Food that is swallowed goes from the stomach into the small intestine and then the large intestine. What’s left after food is digested leaves the body as waste (stool) through the rectum. The colon is the last part of the large intestine, just before the rectum. Colon cancer is a tumor of the large intestine, often the lower rectum and sigmoid colon but can also involve the beginning (cecum). It’s also called colorectal cancer or adenocarcinoma of the colon. It’s the most common cancer of the digestive tract.
Colon cancer usually starts as a small growth, called a polyp, on the surface of the colon. Some polyps are harmless, but some can turn into cancer.
Symptoms include a change in bowel habits, such as constipation or diarrhea, change in stool size (e.g., pencil thin) or appearance (e.g., black, tarry-looking), rectal bleeding, and pain in the abdomen (belly). Sometimes people have no symptoms, but iron deficiency anemia may occur from chronic blood loss and can be detected by blood tests ordered by your physician.
Early diagnosis is critical, because undetected or untreated cancer usually spreads (metastasizes) through the intestine wall into nearby areas, liver, and sometimes lungs and bones.
The health care provider may suspect the diagnosis from the physical examination, including a digital rectal examination (DRE), and from blood tests showing low blood and iron deficiency anemia. Stool samples are tested for hidden (occult) blood. Tests to look for abnormal DNA found in cancer cells in the stool are also available. If cancer is suspected, a specialist (gastroenterologist surgeon) then looks inside the colon with a flexible tube called a colonoscope and obtains tissue samples of abnormal areas (biopsy). A computed tomography (CT) scan and other tests may be done to determine if the cancer has spread outside of the colon. A newer test called "virtual colonoscopy" or "CT colongraphy" involves taking CT scans of the colon to look for abnormalities. If abnormal colonoscopy will be done. The bowel preparation for both colonoscopy and virtual colonoscopy is identical.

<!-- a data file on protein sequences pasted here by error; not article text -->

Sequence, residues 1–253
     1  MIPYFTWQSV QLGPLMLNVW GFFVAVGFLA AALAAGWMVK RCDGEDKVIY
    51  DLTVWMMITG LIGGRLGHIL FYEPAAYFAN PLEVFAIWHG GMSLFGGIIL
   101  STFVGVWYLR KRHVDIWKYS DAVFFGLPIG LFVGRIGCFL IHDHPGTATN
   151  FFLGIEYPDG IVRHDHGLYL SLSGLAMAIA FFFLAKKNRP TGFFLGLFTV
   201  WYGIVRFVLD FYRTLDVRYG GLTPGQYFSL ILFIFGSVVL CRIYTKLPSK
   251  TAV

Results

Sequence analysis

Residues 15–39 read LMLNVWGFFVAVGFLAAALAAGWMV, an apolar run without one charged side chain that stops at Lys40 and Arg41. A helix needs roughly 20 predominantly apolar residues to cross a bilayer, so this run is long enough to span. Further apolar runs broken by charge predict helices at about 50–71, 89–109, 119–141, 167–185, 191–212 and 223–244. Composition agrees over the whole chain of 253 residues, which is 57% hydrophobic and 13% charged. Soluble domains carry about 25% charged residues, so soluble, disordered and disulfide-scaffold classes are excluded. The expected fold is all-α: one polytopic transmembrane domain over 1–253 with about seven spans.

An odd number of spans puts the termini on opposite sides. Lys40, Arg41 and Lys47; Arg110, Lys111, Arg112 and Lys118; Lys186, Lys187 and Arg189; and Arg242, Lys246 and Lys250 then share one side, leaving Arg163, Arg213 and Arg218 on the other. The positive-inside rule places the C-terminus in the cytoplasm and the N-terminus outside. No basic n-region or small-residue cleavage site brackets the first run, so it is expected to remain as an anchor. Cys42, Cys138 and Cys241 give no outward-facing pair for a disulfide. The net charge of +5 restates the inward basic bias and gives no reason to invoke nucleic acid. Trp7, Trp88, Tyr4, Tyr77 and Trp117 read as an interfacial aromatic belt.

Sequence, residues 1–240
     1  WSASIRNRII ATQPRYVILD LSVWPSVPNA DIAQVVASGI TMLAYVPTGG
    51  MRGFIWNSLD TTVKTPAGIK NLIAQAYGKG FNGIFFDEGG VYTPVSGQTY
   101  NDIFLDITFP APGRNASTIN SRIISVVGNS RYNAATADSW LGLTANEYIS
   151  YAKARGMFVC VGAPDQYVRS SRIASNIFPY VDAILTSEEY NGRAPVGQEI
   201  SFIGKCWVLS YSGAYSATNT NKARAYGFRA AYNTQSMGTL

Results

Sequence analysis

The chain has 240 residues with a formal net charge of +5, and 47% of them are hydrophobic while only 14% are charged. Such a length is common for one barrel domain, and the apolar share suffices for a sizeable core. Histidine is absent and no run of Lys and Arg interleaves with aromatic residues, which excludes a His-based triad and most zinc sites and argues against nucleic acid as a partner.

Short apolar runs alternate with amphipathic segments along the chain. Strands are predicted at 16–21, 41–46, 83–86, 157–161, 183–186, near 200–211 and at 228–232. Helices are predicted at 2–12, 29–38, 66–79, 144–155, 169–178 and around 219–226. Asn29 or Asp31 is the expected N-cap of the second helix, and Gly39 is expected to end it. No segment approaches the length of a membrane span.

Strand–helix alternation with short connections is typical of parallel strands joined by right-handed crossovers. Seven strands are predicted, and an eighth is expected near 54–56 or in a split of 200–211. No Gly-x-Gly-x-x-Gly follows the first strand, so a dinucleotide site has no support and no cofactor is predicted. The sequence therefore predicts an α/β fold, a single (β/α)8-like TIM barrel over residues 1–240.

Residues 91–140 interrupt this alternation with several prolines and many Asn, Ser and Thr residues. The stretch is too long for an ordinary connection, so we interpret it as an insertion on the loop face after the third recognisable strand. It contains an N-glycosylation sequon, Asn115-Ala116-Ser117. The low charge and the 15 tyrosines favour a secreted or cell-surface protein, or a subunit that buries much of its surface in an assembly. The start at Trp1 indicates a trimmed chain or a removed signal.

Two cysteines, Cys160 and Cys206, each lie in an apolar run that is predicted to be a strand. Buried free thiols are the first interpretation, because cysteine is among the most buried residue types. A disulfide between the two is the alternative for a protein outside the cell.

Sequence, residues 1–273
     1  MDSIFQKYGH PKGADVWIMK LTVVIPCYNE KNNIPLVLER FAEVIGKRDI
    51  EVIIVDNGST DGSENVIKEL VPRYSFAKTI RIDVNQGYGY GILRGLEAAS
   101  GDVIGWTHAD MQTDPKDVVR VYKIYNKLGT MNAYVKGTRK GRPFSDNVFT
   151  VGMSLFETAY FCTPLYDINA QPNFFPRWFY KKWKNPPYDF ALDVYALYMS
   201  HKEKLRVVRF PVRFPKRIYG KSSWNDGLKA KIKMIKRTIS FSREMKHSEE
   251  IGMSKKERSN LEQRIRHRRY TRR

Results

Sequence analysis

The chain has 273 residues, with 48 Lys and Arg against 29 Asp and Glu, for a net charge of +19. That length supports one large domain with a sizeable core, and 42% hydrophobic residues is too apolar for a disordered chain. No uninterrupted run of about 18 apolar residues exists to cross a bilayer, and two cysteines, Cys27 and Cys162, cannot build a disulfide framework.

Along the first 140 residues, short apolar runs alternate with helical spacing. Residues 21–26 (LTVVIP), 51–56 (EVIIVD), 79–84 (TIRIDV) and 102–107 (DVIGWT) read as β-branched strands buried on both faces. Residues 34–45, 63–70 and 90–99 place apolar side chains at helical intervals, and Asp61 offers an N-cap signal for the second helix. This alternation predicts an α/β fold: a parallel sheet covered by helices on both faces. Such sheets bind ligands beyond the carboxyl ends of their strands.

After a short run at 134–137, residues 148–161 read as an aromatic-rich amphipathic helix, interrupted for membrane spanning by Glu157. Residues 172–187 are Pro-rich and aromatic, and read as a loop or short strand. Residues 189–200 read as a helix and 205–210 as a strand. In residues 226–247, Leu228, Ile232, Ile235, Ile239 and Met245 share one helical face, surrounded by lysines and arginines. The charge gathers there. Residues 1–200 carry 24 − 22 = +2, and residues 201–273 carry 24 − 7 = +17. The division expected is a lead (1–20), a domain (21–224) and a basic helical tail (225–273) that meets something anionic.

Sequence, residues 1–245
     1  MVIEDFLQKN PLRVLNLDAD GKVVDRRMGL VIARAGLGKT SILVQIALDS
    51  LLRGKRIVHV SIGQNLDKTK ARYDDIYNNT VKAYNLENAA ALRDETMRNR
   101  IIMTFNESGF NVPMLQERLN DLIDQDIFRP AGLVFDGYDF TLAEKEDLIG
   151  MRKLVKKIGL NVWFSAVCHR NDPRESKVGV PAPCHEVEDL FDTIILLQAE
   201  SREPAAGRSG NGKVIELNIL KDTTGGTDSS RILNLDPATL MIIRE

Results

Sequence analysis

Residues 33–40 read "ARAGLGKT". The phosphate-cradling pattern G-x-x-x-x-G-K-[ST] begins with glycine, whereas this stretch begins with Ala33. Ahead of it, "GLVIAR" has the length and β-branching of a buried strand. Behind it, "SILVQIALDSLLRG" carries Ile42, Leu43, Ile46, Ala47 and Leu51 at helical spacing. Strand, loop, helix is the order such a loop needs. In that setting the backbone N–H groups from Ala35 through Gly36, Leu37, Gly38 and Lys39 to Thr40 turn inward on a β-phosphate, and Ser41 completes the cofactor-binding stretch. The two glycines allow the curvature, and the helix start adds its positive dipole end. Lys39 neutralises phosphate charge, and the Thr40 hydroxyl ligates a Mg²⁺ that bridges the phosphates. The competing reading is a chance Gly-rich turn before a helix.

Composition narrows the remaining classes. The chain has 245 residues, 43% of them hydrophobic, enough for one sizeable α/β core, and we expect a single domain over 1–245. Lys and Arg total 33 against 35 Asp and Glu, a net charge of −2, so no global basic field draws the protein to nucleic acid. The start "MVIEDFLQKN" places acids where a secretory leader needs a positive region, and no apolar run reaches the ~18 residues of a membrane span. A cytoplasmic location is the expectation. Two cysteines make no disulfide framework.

Treatment depends on how far the cancer spread. Abdominal and pelvic CT can tell whether it spread outside the colon. This information is important because it’s used to decide the kind of treatment. Surgery is best for complete tumor removal. If cancer hasn’t spread past the colon, surgery offers the best chance for cure. Even if cancer can’t be cured because it spread to other parts of the body, surgery can make people more comfortable by preventing obstruction of the colon lumen by the cancer.
Medicine (chemotherapy) and radiation can be used to try to kill cancer cells not removed by surgery. Both may have side effects, including inflammation with diarrhea and bloody stools (radiation) and bone marrow problems leading to infections, bleeding, and anemia (chemotherapy).
More than one half of people with colon cancer can be cured. The success rate depends on the cancer’s stage.
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